The biggest shortcoming for our industry (at least in America) is that it is extremely difficult to learn how the back end of your program works. Most sommeliers count inventory and that’s it. Then they get a Wine Director job and all of a sudden they’re expected to understand how to fix it when the numbers are out of line, or how to hit both budgeted sales and COGS if those numbers are both wildly aspirational. I was incredibly lucky in my first Wine Director job to have a Corporate Wine Director (John Ragan MS) who was incredibly savvy and detail-oriented, and a General Manager (Kevin Richer) who understood the ins and outs of the whole operation, and could give me advice (step-by-step if necessary) anytime I needed it.
Most people don’t have that. And in the worst cases, the wine directors aren’t even read into the P&L by the operations team, which means all that potential for really leveraging the program to build sales and covers is totally dismissed.
A) Does it make sense conceptually for the program and the venue? B) Does it present excellent quality for the price? C) Is it delicious? D) Can I afford it?
You can follow her on Instagram and connect with her there.
For wine, it really depends on what I’m doing and who I’m doing it with - I drink different wines when visiting my mother than when hanging out with my former EMP colleagues - but mostly mineral-driven whites and lighter, unoaked reds. If I’m out at a restaurant, either I’ll choose the wine for the food or build a menu around wines that are particularly exciting on the list; it can go either way. Outside of wine - spritzers, negronis, 50/50 gin martinis (or particularly good Gibsons), scotch, and amaro. And cheap beer.
Put effort into building the front and back ends of the experience - glasses of champagne, glasses of dessert wine, etc. (this is a great area for education and sales contests for server teams, too!). Always offer more, even if you think a guest will say no (although obviously not if you are concerned a guest is dangerously intoxicated). Sell at the price point your guest wants to spend, don’t aggressively upsell - the guest that comes once a week and buys a $75 bottle of wine with dinner is much better for your restaurant than the guest that comes once and buys a $500 bottle. But if you get a guest who clearly likes to spend (you know, the guy who says “do you have any Sassicaia?” or “I was thinking about starting with Krug”), shoot your shot high.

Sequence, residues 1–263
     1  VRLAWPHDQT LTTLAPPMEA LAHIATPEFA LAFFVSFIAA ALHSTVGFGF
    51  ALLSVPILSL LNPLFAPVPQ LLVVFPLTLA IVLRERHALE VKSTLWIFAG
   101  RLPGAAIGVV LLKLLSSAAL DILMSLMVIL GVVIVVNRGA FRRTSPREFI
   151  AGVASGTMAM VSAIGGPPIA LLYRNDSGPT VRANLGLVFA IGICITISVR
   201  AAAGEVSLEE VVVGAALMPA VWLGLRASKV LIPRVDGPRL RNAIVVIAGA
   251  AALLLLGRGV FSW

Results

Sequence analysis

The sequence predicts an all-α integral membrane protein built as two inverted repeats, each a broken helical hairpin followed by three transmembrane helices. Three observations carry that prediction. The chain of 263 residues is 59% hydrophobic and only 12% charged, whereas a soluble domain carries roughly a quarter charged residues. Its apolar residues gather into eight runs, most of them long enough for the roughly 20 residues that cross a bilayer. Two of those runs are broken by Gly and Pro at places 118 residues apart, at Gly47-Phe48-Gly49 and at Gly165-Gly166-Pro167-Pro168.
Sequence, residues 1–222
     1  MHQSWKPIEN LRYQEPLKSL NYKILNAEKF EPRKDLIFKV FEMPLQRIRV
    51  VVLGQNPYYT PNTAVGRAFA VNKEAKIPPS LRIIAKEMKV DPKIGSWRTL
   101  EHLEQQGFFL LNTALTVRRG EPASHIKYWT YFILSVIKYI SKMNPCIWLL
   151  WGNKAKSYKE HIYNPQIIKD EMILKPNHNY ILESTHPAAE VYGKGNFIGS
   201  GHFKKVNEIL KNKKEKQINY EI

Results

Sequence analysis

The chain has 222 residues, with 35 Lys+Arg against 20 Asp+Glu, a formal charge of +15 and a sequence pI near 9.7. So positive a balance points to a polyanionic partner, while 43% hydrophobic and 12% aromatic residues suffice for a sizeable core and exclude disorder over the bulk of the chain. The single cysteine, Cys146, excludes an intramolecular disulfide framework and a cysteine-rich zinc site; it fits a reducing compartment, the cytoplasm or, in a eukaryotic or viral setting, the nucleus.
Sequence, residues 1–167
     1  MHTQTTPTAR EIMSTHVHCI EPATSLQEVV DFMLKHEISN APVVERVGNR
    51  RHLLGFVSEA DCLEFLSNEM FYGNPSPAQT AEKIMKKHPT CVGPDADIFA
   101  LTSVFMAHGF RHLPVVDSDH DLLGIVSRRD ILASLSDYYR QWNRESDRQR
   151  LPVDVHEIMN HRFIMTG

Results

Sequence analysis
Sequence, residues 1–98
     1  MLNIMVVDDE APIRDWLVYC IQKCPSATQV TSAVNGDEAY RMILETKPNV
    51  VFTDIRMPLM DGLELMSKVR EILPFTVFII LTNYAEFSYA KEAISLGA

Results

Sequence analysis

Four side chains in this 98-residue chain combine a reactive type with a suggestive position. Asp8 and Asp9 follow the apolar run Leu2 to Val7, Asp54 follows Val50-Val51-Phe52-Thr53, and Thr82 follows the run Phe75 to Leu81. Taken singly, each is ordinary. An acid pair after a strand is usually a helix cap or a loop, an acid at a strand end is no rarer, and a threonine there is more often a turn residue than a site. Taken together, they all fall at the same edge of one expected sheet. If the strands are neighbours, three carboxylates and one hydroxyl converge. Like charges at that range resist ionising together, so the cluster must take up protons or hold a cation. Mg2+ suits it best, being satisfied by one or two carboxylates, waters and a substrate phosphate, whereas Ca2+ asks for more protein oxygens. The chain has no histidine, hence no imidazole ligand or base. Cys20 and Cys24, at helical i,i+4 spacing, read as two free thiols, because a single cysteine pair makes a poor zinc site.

We do an enormous amount through Instagram - it seems to be the most direct line to our guests these days. Put some high profile loss leaders out there - if a guest who loves Kistler see that your price is $30 cheaper than everyone else’s, they’ll remember it (and use your data to make these decisions - if your median average bottle price on white wine is $70, selling Kistler at $120 instead of $160 will make you more money in the long run as people will want to cash in on the “deal” - if your median average is already $150, find something else recognizable at $250 and drop the price on that). Create specials with wine that drive cover counts on nights that are historically slow - for example, at North End Grill we would do Buy One, Get One on bottles of wine on Sunday nights to get people to come in with friends instead of cooking dinner at home. Think creatively about what would appeal to your clientele, in your neighborhood. And make sure it’s on-brand - whatever you do should fit in seamlessly with the identity of the restaurant and the program you’ve already established.